NFA wants to import another 500,000 MT of rice to boost inventory


The National Food Authority (NFA) is planning to import another 500,000 metric tons of rice to boost its record-low inventory.

In a press conference, NFA Administrator Jason Aquino—who heads the management body of NFA—said they would ask the NFA Council in a meeting next Tuesday (July 17) to allow the importation of 500,000 MT of rice

If approved, this would bring the agency’s imports for 2018 to 1 million MT. It got clearance for two tranches of rice importation at 250,000 MT each tranche earlier.

The first tranche is currently being distributed to markets across the country while the second tranche is expected to arrive in August.

As more subsidized rice is distributed in the market, NFA spokesperson Rex Estoperez said they expected prices to finally stabilize. Rice prices have been rising for 25 weeks now, according to the Philippine Statistics Authority’s latest monitoring report.

The NFA Council, which is composed mainly of the country’s economic managers, will decide on the NFA’s request. It will also determine the volume, mode of procurement and schedule of arrival of the shipments.

Agriculture Secretary Emmanuel Piñol made it clear that no rice imports would be allowed for distribution during the harvest season, which happens in March to May and October to November.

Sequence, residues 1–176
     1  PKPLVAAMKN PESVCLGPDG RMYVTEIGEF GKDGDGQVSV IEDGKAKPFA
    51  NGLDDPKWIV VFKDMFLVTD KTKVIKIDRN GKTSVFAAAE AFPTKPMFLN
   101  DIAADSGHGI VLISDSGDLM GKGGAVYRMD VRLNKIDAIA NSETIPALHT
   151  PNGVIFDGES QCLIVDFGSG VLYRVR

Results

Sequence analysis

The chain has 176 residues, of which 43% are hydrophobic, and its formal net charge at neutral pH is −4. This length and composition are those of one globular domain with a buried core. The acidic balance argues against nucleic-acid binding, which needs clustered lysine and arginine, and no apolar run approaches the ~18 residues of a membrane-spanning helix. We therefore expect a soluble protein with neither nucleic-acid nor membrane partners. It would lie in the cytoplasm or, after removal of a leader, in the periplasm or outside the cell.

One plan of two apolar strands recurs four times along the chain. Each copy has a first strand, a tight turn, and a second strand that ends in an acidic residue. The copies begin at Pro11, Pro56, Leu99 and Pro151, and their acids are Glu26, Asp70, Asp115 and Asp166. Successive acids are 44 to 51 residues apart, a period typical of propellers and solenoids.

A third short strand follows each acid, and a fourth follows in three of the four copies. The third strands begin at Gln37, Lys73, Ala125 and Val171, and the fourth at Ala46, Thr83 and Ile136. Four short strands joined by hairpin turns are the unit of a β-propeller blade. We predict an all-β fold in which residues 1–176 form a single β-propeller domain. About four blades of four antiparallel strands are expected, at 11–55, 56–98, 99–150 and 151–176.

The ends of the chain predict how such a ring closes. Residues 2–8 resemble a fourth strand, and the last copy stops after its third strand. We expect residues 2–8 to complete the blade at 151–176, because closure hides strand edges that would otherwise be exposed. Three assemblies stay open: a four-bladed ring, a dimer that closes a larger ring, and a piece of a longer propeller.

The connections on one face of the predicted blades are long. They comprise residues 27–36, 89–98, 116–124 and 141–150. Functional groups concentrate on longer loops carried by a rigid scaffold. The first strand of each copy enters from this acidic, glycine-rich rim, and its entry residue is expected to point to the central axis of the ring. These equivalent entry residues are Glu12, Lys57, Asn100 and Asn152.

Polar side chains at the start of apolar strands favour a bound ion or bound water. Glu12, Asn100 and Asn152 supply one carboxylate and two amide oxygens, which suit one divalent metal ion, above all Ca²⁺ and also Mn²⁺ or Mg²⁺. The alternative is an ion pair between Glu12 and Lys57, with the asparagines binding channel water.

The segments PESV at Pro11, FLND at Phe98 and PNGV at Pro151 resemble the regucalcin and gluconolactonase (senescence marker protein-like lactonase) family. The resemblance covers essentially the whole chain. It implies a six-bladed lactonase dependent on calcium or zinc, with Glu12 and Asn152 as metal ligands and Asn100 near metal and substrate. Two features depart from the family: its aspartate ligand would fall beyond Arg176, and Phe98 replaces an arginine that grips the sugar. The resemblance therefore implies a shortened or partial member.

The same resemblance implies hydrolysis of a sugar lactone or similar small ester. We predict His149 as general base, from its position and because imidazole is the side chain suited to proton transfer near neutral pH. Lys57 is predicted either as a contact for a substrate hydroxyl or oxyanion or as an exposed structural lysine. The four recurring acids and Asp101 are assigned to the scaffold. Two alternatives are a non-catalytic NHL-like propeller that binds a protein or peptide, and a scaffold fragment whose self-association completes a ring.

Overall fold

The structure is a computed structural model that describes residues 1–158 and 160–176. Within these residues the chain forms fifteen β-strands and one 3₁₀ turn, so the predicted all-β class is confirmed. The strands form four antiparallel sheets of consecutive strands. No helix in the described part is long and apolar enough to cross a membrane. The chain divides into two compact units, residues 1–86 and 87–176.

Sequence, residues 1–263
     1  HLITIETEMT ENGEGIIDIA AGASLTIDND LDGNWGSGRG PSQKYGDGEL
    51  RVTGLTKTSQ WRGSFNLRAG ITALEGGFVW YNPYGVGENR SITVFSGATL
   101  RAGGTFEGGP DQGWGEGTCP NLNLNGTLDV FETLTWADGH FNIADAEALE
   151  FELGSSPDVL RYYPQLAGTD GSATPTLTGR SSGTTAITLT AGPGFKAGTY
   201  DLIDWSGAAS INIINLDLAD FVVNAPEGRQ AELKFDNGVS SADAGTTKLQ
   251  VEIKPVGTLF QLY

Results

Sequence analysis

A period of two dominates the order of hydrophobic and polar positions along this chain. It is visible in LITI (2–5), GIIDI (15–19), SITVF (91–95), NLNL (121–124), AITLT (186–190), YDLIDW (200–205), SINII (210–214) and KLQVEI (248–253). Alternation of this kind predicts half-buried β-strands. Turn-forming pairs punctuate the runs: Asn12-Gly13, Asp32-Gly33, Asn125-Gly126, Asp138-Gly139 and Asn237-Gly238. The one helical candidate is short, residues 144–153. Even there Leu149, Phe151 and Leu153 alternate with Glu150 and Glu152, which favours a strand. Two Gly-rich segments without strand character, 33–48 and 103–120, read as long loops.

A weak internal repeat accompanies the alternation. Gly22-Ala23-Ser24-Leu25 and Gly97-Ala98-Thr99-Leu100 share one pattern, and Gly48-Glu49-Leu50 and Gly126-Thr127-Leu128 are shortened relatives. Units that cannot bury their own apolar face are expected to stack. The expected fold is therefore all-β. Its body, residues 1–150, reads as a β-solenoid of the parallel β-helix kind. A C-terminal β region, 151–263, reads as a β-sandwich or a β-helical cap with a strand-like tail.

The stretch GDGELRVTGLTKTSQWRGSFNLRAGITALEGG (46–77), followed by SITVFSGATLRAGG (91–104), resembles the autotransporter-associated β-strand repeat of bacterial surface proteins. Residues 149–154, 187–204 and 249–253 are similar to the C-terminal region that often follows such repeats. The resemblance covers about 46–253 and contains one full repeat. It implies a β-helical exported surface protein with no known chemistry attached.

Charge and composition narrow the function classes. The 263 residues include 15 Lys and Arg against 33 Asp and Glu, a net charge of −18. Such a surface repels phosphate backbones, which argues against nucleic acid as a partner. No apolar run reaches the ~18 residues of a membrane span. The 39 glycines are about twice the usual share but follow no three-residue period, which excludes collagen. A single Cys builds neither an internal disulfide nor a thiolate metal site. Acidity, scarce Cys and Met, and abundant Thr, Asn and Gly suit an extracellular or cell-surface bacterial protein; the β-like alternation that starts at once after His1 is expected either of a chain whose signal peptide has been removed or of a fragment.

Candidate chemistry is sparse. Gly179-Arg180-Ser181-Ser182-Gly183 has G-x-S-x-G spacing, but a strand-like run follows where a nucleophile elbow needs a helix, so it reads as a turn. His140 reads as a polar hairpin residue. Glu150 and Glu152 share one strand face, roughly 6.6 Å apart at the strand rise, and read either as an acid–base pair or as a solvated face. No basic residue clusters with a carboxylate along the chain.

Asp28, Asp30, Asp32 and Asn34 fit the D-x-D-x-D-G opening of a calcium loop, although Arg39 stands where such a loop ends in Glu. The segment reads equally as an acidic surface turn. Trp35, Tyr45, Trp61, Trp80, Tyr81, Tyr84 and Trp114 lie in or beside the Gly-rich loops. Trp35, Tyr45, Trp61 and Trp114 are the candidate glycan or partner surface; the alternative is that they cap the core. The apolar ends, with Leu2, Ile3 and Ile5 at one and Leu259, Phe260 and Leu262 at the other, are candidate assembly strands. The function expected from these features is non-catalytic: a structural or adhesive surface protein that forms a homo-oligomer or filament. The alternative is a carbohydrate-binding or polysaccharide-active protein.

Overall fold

The NFA management is targeting to have the imports arrive in the country by October, but maintained that the agency would withhold distribution to give way to local harvest.

Aquino said the call for more rice imports was in line with the agency’s basic mandate to ensure “food security stocks.”

As of Wednesday, NFA has only two and a half days’ worth of milled rice in its inventory—way below President Duterte’s latest directive to maintain a buffer of at least 60 days’ worth of consumption at any given time.

Under the law, NFA must at least maintain a 15-day buffer at any given time and a 30-day buffer during the lean months, from July to September.

But Estoperez clarified that while the government’s current inventory was low, the nationwide rice stock was enough to feed the country for 73 days.

To recall, the grains agency reported the depletion of its rice reserves in April—a first since its establishment in 1972—as it awaited the clearance for importation following its inability to procure palay locally.

Notwithstanding Piñol’s forecast that the country would register a record-high rice output this year, Aquino said the NFA’s low buying price for palay at P17 per kilogram (kg) hinders the agency from buying from local farmers.

“Unless there’s a hike in our buying price for palay, we will resort to importation,” he said.

Since last year, the NFA management has been proposing a hike of P5 in its palay buying price to the NFA Council but this has been rejected for fear that it might lead to a “relatively huge price inflation.”

For this year, Aquino is proposing an even higher buying price of P25 a kilo, an P8 increase from its current buying price. The average buying price for palay in the market is currently at P21 a kilo—the highest in nearly two years.

With the administration’s impending shift to rice tariffication which would lift the limit on import rice quotas, Aquino said that the hike was needed, more than ever, to act as safeguard for local farmers.


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